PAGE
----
Breathing in a Circle
On the last Tuesday of every month, around the world, small groups of people gather themselves into circles. They come together not to debate an issue, form a committee or follow a 12-step program, but to do what we all do every minute of the day: Breathe.
The Breathing Circle movement began in 2011 as the brain child of British breathworker Natalia Brown. What started off as a group of Natalia’s friends has, with her support, spread around the globe. Today breathing circles can be found throughout Europe and North America, in Mexico, Australia, Lebanon, the Ukraine, India and Kenya. When asked why, in just three years, her circle of friends has become a world-wide phenomenon, Brown is quick to respond.
“They’ve discovered the power of their own breath,” she explains. “Once you find out what breathing can do, you want more of it.”
When Brown talks about the power of the breath, she’s referring to the therapeutic psychological and emotional effects of breathwork. We all inhale and exhale around 20,000 times a day without paying much attention to the rise and fall of our lungs. In contrast, Breathing Circle members are acutely aware of their breathing. They focus their full attention on the movement of air into and out of their body. They also create a seamless connection between inhalation and exhalation by eliminating the natural pauses that occur in the breathing cycle. This particular form of breathwork is called conscious, connected breathing or CCB. And to anyone who has not experienced CCB, the effects are both powerful and unexpected.
“It takes you into yourself. It takes you to places you don’t go every day,” Larry Davis, a veteran of many breathwork sessions, explains. Davis suffered from depression since childhood. He tried medication, support groups and other forms of therapy with some, but limited, effect. In his 40s, he discovered breathwork.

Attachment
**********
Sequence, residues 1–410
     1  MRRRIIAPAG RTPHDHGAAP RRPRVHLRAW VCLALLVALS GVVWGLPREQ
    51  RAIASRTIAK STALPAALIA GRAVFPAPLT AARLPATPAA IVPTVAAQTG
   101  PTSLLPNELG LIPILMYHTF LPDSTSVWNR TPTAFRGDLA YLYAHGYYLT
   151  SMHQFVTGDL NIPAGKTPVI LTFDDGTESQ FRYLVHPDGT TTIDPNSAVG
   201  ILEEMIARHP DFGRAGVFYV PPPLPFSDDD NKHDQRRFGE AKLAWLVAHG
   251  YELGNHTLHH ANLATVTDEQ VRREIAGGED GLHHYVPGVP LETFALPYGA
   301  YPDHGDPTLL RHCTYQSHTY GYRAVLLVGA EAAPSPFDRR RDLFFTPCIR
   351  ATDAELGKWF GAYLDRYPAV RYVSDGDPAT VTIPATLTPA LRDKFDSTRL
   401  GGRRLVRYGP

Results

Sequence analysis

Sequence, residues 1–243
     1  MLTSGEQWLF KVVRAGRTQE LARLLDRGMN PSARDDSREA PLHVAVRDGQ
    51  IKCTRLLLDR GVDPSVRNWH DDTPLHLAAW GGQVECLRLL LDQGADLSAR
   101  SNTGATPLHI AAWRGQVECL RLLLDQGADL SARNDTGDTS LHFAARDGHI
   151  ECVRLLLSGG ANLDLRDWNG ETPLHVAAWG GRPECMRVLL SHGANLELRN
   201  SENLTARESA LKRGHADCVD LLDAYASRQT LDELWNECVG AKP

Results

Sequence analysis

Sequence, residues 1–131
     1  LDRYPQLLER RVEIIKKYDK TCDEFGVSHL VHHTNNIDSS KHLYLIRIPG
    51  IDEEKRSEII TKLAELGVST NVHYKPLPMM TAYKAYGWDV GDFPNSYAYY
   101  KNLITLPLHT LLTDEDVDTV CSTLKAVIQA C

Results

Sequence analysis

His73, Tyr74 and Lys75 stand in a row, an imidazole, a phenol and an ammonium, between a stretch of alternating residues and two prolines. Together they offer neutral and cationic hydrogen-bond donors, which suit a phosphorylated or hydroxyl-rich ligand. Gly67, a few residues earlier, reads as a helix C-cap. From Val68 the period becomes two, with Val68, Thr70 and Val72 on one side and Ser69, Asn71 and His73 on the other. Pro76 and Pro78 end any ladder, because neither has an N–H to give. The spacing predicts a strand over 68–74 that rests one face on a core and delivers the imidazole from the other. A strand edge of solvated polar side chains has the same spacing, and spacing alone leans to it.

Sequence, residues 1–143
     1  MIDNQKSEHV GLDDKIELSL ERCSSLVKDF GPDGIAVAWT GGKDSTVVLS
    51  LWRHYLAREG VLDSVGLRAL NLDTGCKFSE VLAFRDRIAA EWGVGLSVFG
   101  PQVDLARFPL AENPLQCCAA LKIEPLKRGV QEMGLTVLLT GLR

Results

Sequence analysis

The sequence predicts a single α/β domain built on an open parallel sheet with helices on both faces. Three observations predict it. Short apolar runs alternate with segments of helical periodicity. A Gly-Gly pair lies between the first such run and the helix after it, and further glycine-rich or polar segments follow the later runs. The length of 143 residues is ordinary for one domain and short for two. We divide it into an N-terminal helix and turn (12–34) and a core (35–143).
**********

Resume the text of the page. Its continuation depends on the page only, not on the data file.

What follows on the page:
“You experience another side of yourself,” he says. “You really experience it — the part of you that can be happy. You learn to let go of anger and loneliness. You let go of that way of thinking. It’s not easy to face it all but you grow out of it. In the breathwork, you grow out of it.”
CCB, as experienced by Davis, generally takes place either in one-to-one sessions with a breathwork therapist, or in groups such as a Breathing Circle which are facilitated by a trained breathworker.
Breathers can sit but generally they go through the session lying down. The session begins with a conscious focus on the movement of air into and out of the body. Breathers gradually eliminate the natural pauses in the breathing cycle and because of this, breathing becomes a little faster and fuller than normal. From here the breath takes on a life of its own, sometimes flowing placidly, sometimes vigorously, at times high in the chest, at others deep in the belly. The breather feels like they are being breathed, yet at the same time, they feel fully in charge of the experience. Some breathers move about, some lie perfectly still, some weep, some laugh, some do both.